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Reviews: Feb. 17, 2008

17 Feb, 2008 By: Home Media Reviews

Michael Clayton
Street 2/19

After Dark Horrorfest: 8 Films to Die For 2008
Prebook 2/20; Street 3/18

Street 2/26

Street 2/26

Tick Tock Lullaby
Prebook 2/19; Street 4/8
Wolfe, Comedy, $24.95 DVD, Unrated.

The questions that accompany the deep commitment of having children transcend the boundaries of heterosexuality, marriage or even coupledom in this slim but provocative dramedy from the United Kingdom.

Comic-strip artist Sasha (Lisa Gornick, also the writer and director) narrates the proceedings, and it's unlikely that any heroine in previous cinema has thought as hard or deep about having a baby. She and her girlfriend Maya (Raquel Cassidy) seriously want a child, but don't have the appropriate gay man in their life to help them out. They feel that more procedural methods are unnatural.

As a juxtaposition, three more wannabe parents are introduced: A couple (Joanna Bending and William Bowry) who seem far too miserable with each other to procreate. The same woman's sister (Sarah Patterson) is single and desires only a baby, not a relationship, so she creepily auditions young men to unknowingly be her baby's father.

Clocking in at a bare 73 minutes was a bright decision on Gornick's part. Being inside someone's head can be a neurotic experience, and Sasha's thoughts on relationships, sex and parenthood are so naked and intimate.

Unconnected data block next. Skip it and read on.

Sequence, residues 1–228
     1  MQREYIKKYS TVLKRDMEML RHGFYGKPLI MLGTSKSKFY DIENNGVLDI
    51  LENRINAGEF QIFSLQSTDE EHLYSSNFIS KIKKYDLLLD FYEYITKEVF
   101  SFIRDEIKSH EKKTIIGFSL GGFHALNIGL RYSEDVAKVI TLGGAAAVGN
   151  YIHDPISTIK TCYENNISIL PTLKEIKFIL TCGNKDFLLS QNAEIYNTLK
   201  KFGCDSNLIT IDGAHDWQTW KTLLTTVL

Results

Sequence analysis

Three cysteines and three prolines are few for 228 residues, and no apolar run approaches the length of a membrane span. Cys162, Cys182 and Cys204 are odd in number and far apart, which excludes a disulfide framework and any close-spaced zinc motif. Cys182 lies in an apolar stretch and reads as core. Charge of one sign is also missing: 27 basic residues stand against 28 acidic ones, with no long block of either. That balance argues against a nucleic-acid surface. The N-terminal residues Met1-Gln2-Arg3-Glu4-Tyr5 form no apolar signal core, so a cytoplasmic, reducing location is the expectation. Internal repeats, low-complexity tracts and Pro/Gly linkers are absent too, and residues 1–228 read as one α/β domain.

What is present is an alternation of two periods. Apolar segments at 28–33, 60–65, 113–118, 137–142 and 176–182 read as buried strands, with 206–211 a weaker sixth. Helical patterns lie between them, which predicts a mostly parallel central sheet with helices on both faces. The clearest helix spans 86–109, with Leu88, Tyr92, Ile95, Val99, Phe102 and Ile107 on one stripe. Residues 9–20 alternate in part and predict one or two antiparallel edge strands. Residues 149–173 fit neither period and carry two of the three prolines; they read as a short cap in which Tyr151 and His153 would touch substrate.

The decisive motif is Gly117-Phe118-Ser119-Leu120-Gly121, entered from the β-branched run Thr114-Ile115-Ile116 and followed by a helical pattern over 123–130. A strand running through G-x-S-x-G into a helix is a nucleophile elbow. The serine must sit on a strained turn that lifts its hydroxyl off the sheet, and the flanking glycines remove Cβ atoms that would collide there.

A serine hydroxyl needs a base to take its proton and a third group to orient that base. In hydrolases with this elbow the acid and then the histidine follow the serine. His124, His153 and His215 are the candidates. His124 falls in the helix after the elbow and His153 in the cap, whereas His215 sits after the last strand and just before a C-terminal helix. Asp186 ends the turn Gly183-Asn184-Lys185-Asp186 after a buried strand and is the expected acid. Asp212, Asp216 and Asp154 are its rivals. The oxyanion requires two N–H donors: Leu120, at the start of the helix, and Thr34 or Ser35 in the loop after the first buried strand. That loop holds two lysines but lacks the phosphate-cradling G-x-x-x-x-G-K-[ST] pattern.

The short running time, and the natural moments of awkwardness — such as when Sasha and Maya pick up a man at a coffeehouse — lighten the film. The use of charming pen-and-watercolor drawings by Sasha — from sweet mother-and-child visions to the heterosexual sex she must imagine if she and her partner are to conceive the natural way — also lend an urbane charm to the film.

What's most impressive about Tick Tock Lullaby is the balance Gornick finds in the three versions of parents. Sasha and Maya's story may take up 70% of the film, but by showing other tales of the unique and sometimes misguided ways people of all proclivities find themselves making children, it normalizes it all. This isn't a gay film; it's a movie about people who are of that age when lullabies are stuck in their heads, and it's about the obstacles — emotional, physical and sexual — they face on their path to parenthood. — Laura Tiffany

Quick Take: Dawson's Descent

The raw brutality of sexual violence is on display in Descent, a savagely disturbing psychological thriller from director Talia Lugacy now on DVD from City Lights Home Entertainment at $26.98.

Rosario Dawson plays a shy college student coping with the aftereffects of a sexual assault by planning a shocking retribution. Dawson's effective performance runs the gamut from naivet? to recklessness to vengeful while the film questions the nature of the relationship between sex and identity. Descent is not for the faint of heart — the movie depicts two brutal rapes that earn every bit of its ‘NC-17' rating.

The DVD contains insightful interviews and commentary, plus two deleted scenes that enhance the message without the need to be included in the main film. John Latchem

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